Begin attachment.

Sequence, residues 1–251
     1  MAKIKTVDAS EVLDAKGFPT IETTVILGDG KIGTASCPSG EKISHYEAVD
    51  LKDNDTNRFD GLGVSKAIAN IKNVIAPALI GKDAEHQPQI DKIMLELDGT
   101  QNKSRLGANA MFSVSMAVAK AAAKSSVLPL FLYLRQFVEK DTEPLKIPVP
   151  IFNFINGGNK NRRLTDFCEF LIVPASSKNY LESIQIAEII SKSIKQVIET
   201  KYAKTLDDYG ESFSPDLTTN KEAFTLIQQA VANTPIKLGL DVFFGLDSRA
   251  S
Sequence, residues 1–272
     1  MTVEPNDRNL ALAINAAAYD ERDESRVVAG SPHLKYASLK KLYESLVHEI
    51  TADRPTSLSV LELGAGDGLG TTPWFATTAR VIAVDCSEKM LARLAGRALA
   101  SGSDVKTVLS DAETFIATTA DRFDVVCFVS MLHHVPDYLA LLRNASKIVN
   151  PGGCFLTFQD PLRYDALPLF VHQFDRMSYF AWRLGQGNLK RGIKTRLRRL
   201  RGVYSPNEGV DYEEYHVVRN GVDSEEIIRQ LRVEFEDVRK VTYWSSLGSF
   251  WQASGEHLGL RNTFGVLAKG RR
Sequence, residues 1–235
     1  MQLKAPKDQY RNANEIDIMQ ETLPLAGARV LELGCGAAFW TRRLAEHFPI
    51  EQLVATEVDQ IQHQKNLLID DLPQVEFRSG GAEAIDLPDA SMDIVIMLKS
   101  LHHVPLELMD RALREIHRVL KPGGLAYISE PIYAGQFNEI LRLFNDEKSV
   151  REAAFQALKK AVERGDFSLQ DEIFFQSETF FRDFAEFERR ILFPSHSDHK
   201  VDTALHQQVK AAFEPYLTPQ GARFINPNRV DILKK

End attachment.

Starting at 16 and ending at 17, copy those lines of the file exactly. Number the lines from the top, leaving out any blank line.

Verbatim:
     1  MQLKAPKDQY RNANEIDIMQ ETLPLAGARV LELGCGAAFW TRRLAEHFPI
    51  EQLVATEVDQ IQHQKNLLID DLPQVEFRSG GAEAIDLPDA SMDIVIMLKS